It was a day that began pretty much like any other day. People commuted to work, housewives did their shopping, employees either wasted time in groups in the company canteen, or wasted time at their desks by daydreaming or web-surfing.
Yeah, just a day. A wednesday.
Repo Men, which opened today, gives new meaning to the term “dead-beat client”. Back in the day, say 1984,when Emilio Estevez was making a name for himself as an up-and-coming actor, he starred with Harry Dean Stanton in the classic film, Repo Man. When Estevez and Stanton did their jobs as auto repossessors, the dead-beat client likely woke up the next morning and said something along the lines of, “Geezus, my car’s gone!”
The main difference between then and now is that once the new Repo Men have done their thing, the dead-beat clients simply don’t wake up.
Many of you who will want to see this movie are quite likely familiar with the CSI TV show, both the original, set in Las Vegas, and the spin-offs located in New York and Miami. Imagine then this exchange between CSI Lt. Horatio Caine and his Medical Examiner, Dr. Alexx Woods,
“So Alexx, you’re saying our friend here bled out?”
“That’s right Horatio – but exsanguination is only a part of it…”
‘Why is that Alexx, I was told there was a huge wound to his chest. What did the vic’s heart tell you?”
“That’s just it H, there was no heart – there’s just an open, empty space where it should have been.”
June Woo: The opening narration:
“In America, I will have a daughter just like me. But over there, nobody will say her worth is measured by the loudness of her husband’s belch. Over there, nobody will look down on her because I will make her speak only perfect American English. And over there, she will always be too full to swallow any sorrow.”
I read a recent post on another blog about Ming-na Wen which brought to mind her role as June Woo in the wonderful film adaption of the Amy Tan novel, The Joy Luck Club. The novel’s pedigree is impeccable. Published by G.P. Putnam & Sons in 1989, the book was on the New York Times best seller list for more than six months, it has been translated into more than 35 languages, and has sold in excess of 30 million copies world wide since its original publication more than 20 years ago.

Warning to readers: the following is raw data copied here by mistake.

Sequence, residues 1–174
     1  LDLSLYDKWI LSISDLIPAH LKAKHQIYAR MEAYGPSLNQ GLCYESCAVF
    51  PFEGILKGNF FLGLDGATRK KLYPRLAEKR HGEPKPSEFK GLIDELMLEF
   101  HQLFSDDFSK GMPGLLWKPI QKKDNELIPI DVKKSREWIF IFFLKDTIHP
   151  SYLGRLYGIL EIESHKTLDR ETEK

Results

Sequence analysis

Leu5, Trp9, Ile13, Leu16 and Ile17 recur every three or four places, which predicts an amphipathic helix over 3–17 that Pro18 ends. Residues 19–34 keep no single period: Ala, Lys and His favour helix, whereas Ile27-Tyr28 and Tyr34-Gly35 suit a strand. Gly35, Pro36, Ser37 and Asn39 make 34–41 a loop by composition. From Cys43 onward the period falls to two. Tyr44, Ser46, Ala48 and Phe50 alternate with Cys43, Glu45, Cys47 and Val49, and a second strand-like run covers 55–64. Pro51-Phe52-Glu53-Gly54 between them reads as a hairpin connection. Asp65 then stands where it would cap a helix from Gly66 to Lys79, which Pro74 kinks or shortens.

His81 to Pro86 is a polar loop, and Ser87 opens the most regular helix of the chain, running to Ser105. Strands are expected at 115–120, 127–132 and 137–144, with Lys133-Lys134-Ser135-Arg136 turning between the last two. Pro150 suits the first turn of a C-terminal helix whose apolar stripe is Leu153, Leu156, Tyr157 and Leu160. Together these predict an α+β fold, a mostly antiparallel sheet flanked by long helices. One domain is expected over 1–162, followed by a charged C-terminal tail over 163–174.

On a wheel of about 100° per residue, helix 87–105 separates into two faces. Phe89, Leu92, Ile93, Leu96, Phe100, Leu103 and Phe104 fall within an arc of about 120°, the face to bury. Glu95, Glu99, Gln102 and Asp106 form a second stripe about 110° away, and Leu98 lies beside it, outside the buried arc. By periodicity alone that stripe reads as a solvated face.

After Amy Tan had a lengthy three day meeting with her co-screenplay writer Ron Bass and movie director Wayne Wang, after they hashed out how the novel would be adapted into a movie, the three of them made a pact that they would not sell the book’s movie rights, or the screenplay, unless the studio gave them total creative control, meaning they would control the screenplay, the choice of location and actors, the filming, the editing, all the way up to and including the final cut.
The film opens in April, 2003 in Baghdad, Iraq. Matt Damon as U.S. Army Chief Warrant Officer Roy Miller and his men are on their second search for WMD (Weapons of Mass Destruction). The place or neighborhood is called Diwanyia. Another Army unit sustained some casualties so Miller’s unit could access the site. Their search is going to not turn up anything related to WMD, despite the fact that the ‘intel’ that Miller has been given, had come from a ‘reliable/trusted’ source, and had been vetted; so they said. Soon, Miller will again come up without any results at a place called Al Mansour. And that’s when he begins to think about what is going on. When he questions the higher ups about the flawed intel, he’s told: Button it up, the intel is fine – just do your job.
This is how the Paul Greengrass helmed Green Zone begins. Brian Helgeland has the screenplay credit and Rajiv Chandrasekaran is the author of the 2006 non-fiction book Imperial Life in the Emerald City which was the source or inspiration for the film.
The fact is that these cops, in Antoine Fuqua’s latest passion play, a film called Brooklyn’s Finest are not Brooklyn’s Finest. They’re conflicted men, one of whom is trying to get through each day, one day at a time, doing whatever it takes to make it to the next day, and nothing more. Another is trying to get ahead, financially, one drug bust at a time. And the 3rd, an undercover cop, is simply trying to get out, to regain his life, and the sooner the better.
They’re cops working in one of Brooklyn’s most deadly and crime infested precincts, the 65th. The center piece for this story is a housing project that consists of 18 buildings, and 15,000 residents, all of whom are never more than a few yards away from death: be it a bad shooting by the police, or a war being conducted between rival drug gangs, or the violence that can erupt in any corner bodega or convenience store which are no more than tinder boxes where cultures can clash, serving as veritable staging areas for brutal violence.